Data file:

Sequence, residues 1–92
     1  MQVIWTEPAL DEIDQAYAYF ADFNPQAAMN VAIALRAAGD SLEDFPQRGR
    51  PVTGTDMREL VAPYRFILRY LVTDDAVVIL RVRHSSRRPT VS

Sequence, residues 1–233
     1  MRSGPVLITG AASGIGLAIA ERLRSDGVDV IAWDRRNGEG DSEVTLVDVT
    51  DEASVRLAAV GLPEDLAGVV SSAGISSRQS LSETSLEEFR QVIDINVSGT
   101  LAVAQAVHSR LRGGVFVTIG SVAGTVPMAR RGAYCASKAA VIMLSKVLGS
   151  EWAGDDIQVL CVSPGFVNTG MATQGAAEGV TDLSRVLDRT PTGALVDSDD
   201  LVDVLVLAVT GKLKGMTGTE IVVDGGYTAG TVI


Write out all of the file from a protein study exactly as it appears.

Sequence, residues 1–92
     1  MQVIWTEPAL DEIDQAYAYF ADFNPQAAMN VAIALRAAGD SLEDFPQRGR
    51  PVTGTDMREL VAPYRFILRY LVTDDAVVIL RVRHSSRRPT VS

Sequence, residues 1–233
     1  MRSGPVLITG AASGIGLAIA ERLRSDGVDV IAWDRRNGEG DSEVTLVDVT
    51  DEASVRLAAV GLPEDLAGVV SSAGISSRQS LSETSLEEFR QVIDINVSGT
   101  LAVAQAVHSR LRGGVFVTIG SVAGTVPMAR RGAYCASKAA VIMLSKVLGS
   151  EWAGDDIQVL CVSPGFVNTG MATQGAAEGV TDLSRVLDRT PTGALVDSDD
   201  LVDVLVLAVT GKLKGMTGTE IVVDGGYTAG TVI